Observations on Jo by Kip Gresham, master printmaker at Cambridge Print Studio.
It’s all in the address, said Barry Flanagan, when talking about drawing. What he meant was the eye, brain, hand and tool all engage before the mark hits the surface. Jo Taylor’s drawings, and by this I mean her assemblages that include collage, painting and drawing, have the story of the address written all over them.
She knows her subject inside out, both literally and metaphorically. The transparency of her drawings is there in the musculature that underlies the outer appearance and in the way that the pieces are constructed. There is an honesty, a workman-like attitude evident in the washes, the drips and trickles and the pasted on patches of paper. However, it is the line, the acute, hard-bitten line that the eye / brain connection really comes into its own and Jo’s mastery of her medium is evident. These are not just drawings of description, these animals are alive. Sometimes, and this really is poetic, they are a store of potential energy; just like the real thing, they are ready to explode into action, quivering, alert and strong. In other instances there is a painful stillness, a vulnerability, fragility or ghostliness, an echo of past triumphs or disasters.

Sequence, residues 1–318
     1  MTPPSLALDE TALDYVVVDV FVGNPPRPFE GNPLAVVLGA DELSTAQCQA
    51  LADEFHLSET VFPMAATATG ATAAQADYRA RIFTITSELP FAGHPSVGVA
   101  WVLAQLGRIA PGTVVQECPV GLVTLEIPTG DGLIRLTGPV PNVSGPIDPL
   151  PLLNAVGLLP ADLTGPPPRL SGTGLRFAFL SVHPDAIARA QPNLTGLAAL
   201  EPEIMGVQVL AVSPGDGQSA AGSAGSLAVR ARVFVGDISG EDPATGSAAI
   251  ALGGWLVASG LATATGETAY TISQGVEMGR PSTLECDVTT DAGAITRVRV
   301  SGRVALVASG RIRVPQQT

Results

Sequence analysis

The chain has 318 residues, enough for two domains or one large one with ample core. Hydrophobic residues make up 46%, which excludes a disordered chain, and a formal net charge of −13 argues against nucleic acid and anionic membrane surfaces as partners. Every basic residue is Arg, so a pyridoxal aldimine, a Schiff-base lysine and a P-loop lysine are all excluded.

The way in which the drawings operate is through a series of layers. Each layer is of a kind of shadowboxing exercise. She sidles up to her subject, crucially allowing elements of every stratum to contribute key features to the finished piece, some stated forcefully and some as mere whispers. Unlike photographs, which usually capture the image lightly, these drawings have weight, they carry equivalents for sound and smell, they have a presence in themselves and give a 'nowness' to the subject.
Having made multi-layered prints with her, I have shared a studio space with a horse skull, watched her build the drawn flesh around the bones, listened as she talks to her materials, teasing out the meaning and the emotion. It is all in the address but there is also an intangible magic that she brings to the business for which there are no words.